Charles F. Chandler, chemist and public health reformer, was born in Massachusetts on December 6, 1836. He received his doctorate in chemistry in 1856 from the University of Göttingen where he studied with the pioneering chemist Friedrich Wöhler. He taught chemistry at Union College, Schenectady, New York until 1864 when he became the first dean of Columbia University’s newly-established School of Mines, currently the Fu Foundation School of Engineering and Applied Science. He remained dean until 1897 and taught until 1910. For most of this same period he also taught chemistry at the College of Pharmacy of the City of New York and chemistry and medical jurisprudence at the College of Physicians and Surgeons.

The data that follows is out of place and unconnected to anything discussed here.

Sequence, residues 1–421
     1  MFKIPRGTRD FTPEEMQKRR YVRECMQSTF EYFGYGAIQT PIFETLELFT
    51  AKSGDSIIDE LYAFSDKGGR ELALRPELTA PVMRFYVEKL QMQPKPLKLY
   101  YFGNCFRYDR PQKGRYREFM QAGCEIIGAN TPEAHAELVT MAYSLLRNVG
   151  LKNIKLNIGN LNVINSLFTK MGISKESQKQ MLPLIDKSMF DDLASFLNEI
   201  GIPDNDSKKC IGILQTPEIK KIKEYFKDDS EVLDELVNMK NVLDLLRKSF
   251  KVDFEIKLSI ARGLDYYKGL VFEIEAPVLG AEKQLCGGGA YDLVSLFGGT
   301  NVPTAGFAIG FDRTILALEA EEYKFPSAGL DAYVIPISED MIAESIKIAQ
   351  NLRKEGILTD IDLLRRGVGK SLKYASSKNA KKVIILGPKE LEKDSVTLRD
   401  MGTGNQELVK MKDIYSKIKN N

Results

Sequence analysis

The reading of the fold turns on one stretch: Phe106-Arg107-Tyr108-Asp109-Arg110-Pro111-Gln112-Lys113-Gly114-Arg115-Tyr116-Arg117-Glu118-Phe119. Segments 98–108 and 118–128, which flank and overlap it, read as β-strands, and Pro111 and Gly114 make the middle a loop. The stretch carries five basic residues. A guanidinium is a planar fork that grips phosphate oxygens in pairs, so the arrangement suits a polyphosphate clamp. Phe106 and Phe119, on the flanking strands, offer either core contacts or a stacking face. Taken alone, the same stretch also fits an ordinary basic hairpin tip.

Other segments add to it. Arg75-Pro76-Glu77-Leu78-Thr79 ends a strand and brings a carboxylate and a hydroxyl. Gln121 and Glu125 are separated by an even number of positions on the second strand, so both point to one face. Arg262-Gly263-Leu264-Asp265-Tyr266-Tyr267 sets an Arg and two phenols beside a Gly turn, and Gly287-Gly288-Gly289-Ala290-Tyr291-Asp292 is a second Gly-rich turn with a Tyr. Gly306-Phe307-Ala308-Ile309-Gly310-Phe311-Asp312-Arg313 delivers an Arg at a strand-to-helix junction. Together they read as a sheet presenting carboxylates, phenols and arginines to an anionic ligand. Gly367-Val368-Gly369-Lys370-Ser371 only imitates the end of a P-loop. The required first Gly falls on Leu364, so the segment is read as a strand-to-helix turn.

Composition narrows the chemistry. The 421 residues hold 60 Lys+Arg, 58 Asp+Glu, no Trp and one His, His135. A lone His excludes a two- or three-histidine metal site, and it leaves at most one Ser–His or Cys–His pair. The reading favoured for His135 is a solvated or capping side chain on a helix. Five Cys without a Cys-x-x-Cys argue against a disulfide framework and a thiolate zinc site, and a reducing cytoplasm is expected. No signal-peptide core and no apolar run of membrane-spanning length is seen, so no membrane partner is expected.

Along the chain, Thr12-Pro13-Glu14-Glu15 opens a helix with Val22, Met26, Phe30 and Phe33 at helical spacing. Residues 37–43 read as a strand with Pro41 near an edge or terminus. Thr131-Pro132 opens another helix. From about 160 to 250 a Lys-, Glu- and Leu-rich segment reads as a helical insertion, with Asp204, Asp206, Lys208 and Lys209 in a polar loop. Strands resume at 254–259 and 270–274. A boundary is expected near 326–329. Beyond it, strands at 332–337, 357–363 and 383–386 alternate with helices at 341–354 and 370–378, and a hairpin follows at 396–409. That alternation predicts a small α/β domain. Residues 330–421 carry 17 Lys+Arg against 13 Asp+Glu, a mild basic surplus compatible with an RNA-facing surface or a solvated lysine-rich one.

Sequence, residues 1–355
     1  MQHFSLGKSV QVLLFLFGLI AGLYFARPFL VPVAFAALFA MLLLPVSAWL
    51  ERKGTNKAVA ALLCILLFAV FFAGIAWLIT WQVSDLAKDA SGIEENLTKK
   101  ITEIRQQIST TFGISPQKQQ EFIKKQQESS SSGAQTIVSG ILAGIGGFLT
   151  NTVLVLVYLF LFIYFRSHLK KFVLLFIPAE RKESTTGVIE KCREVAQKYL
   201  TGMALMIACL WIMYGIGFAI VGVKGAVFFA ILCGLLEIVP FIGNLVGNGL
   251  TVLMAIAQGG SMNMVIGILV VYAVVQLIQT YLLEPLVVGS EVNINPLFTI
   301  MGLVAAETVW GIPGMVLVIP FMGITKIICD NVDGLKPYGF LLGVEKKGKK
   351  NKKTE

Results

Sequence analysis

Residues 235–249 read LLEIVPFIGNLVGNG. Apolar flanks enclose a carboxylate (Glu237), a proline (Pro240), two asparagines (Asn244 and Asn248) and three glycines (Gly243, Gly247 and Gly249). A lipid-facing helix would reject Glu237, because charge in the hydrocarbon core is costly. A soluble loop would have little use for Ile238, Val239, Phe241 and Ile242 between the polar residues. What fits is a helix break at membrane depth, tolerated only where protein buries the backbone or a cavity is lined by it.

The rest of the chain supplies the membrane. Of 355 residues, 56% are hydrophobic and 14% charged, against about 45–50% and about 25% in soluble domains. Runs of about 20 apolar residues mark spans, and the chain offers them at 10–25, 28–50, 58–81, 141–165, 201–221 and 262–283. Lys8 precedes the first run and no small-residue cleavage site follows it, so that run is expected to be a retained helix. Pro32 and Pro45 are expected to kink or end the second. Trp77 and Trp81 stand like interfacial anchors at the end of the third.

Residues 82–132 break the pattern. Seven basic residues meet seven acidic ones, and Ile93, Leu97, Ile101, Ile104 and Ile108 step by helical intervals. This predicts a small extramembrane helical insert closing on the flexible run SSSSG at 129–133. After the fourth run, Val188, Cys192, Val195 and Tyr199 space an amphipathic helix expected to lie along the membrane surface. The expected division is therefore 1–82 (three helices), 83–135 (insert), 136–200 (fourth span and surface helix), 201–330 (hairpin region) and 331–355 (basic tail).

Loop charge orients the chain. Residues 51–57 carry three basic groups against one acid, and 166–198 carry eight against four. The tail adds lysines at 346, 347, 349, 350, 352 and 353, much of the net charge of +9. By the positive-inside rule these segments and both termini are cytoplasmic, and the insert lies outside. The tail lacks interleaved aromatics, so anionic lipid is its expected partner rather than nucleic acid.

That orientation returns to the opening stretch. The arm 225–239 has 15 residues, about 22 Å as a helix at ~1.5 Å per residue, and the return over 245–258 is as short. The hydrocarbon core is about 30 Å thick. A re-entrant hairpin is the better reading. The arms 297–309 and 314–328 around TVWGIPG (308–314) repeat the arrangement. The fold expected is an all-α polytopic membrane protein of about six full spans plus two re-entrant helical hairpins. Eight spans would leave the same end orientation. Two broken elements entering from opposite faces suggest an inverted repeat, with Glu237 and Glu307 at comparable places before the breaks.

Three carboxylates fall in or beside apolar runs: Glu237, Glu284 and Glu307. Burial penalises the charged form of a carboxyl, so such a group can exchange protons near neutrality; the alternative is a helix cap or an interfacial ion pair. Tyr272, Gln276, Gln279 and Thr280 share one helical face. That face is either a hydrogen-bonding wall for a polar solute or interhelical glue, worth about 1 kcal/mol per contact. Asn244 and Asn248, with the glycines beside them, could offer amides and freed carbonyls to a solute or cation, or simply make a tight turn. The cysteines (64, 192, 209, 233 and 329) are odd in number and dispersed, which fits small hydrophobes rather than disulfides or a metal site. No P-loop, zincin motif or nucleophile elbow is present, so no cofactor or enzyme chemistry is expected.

Chandler was appointed to New York City’s Metropolitan Board of Health in 1866 serving first as chemist and later as president (1873-1883). While leading the Board he advocated for milk inspection, tenement house reform, and for pure food and kerosene legislation.
Chandler was a founder of the American Chemical Society and the Chemists’ Club and received many honors, including several honorary doctorates and the Perkin Medal from the American Section of the Society of Chemical Industry. He died August 25, 1925.